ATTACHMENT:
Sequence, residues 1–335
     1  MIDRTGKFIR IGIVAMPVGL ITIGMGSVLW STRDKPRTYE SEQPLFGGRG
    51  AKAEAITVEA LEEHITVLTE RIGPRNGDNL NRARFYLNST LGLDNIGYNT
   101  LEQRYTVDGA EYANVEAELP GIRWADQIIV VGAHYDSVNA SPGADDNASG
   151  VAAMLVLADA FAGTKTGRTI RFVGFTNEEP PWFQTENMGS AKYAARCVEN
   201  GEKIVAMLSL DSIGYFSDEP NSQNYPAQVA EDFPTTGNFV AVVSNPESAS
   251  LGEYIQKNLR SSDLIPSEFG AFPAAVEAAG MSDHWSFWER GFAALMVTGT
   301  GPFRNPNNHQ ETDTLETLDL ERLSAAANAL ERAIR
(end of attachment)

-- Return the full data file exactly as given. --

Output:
Sequence, residues 1–335
     1  MIDRTGKFIR IGIVAMPVGL ITIGMGSVLW STRDKPRTYE SEQPLFGGRG
    51  AKAEAITVEA LEEHITVLTE RIGPRNGDNL NRARFYLNST LGLDNIGYNT
   101  LEQRYTVDGA EYANVEAELP GIRWADQIIV VGAHYDSVNA SPGADDNASG
   151  VAAMLVLADA FAGTKTGRTI RFVGFTNEEP PWFQTENMGS AKYAARCVEN
   201  GEKIVAMLSL DSIGYFSDEP NSQNYPAQVA EDFPTTGNFV AVVSNPESAS
   251  LGEYIQKNLR SSDLIPSEFG AFPAAVEAAG MSDHWSFWER GFAALMVTGT
   301  GPFRNPNNHQ ETDTLETLDL ERLSAAANAL ERAIR